Day 1 – Tuesday, July 4, 2017 – Waterton Townsite to Alderson Lake

Daily Distance: 11.6 km

Today is day 1 of our Great Divide Trail hiking trip. Our plan is to follow the trail, with a few alternate side adventures along the way, from Waterton to Kakwa Lake (north of Jasper) over 10 weeks. I hope to go slowly, planning an average of 20 km/day for on trail days for the first 6 weeks, with several rest days or “zero days” along the way. The distances will increase slightly after my friend Irene joins me in August, but the hope is to still go slowly and have plenty of time to take pictures, journal, read and just enjoy being in the wilderness.

img_7903-1Alecia & Kat

This first section, from Waterton to Coleman, I’ll be joined by some dear adventurous nursing friends, Alecia and Kat. They spent last summer cycle touring through the Yukon and Alaska, so are no strangers to some adversity! Kat’s partner Charlie was kind enough to help us shuttle Alecia’s car to Coleman yesterday, and then drive us down to Waterton. Thank you Charlie!!!

img_7883Taking our tents down in Waterton

Today starts with a lovely relaxed morning in Waterton. Our restful start is much appreciated! I’ve been short on sleep for over a week leading up to today, trying to fit in and organize all the logistics for the trip. I’ve also been putting a lot of time in at work, trying to get in as many hours as possible before our start date. My throat has been sore for several days – eating and talking were quite painful yesterday. I really don’t want to be getting sick just as we start our hike! Luckily I wake up this morning feeling much better. Just a mild sore throat and some sinus congestion, but nothing major. Maybe I’ve convinced my immune system to put up a good fight!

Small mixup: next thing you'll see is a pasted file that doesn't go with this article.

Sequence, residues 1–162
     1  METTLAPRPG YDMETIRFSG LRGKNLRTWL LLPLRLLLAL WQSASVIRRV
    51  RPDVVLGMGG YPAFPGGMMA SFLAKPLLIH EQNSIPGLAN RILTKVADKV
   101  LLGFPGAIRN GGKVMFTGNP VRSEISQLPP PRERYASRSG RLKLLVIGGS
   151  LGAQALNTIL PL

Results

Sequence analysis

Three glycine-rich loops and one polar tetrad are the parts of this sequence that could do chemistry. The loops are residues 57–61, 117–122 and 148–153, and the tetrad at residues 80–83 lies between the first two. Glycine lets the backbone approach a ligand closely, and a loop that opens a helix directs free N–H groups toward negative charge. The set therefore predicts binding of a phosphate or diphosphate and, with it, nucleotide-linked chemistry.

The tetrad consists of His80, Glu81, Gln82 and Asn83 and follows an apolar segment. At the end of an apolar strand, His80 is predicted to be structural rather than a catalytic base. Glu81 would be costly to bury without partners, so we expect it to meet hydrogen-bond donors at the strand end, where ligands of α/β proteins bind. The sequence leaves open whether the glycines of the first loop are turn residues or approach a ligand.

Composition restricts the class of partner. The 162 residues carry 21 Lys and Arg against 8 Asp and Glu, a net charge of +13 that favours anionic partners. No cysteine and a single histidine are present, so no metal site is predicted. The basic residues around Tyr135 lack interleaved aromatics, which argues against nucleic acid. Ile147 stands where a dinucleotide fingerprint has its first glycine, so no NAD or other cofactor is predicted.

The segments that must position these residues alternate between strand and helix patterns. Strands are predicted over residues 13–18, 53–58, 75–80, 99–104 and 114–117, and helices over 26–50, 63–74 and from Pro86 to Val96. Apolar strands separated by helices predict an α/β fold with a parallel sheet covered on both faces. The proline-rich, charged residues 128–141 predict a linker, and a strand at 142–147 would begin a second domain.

img_7884My ultralight 6 moon designs tent

After packing up our tents at the Waterton town campsite, we wander towards downtown where we enjoy a light and delicious waffle breakfast, and hit the trail by 10:30 am. We have a short day planned – only 7 km from the trailhead. Today is our easy shakedown start day so we have a bit more time to get our gear and packing systems dialled. I’ll be making a GPS track with Strava to share on this blog (my first time really using it, so I’m sure there will be a bit of a learning curve!).

img_7890-2Kat & Alecia

img_7888-1Creek crossing walking up to Alderson Lake

Southern Alberta and BC have heat wave warnings for this week (which I will gladly take over rainstorm warnings!) but it doesn’t feel too hot on the gradual shady climb up to Alderson Lake campground. Or at least it doesn’t feel too hot until the end, when the forest opens up into a beautiful meadow full of what we nickname “nipple flowers” (actually Common Beargrass).

img_7902-1Nipple flowers (common beargrass)

It’s beautiful, but it is WARM out! We welcome a quick swim in the frigid waters of Alderson Lake, followed by some tasteful nude photography with lots of laughter and a few strategically placed nipple flowers. Anyone who thinks hiking isn’t fun needs to come hike with us!

img_7907Alderson Lake

The bugs, particularly the horseflies, are rather difficult to contend with at Alderson Lake. We’re all adverse to using deet, so choose to wear pants and long sleeves instead while we put up the tents. We then hide in our tents for a relaxed afternoon break, and enjoy the bug-free tent door view.  This is the life!

img_7918-1Our Alderson Lake Campsite

Dinner is Kat’s rehydrated curry and rice. We are sharing dinners for this section – 8 dinners total. We’ve brought our own individual breakfasts, snacks and lunches. Kat and I have 3 dinners each, and Alecia brought 2 but treated us to supper in Waterton last night. I’m excited to try out each others’ meals! Alecia also brought along a surprise – a really amazing can of wine. So much better than boxed wine. I will definitely be bringing this along on future trips!

Alecia in her happy place after chocolate

Kat and Alecia

“And the time came when the risk to remain tight in a bud was more painful than the risk it took to blossom.”

-Anaïs Nin

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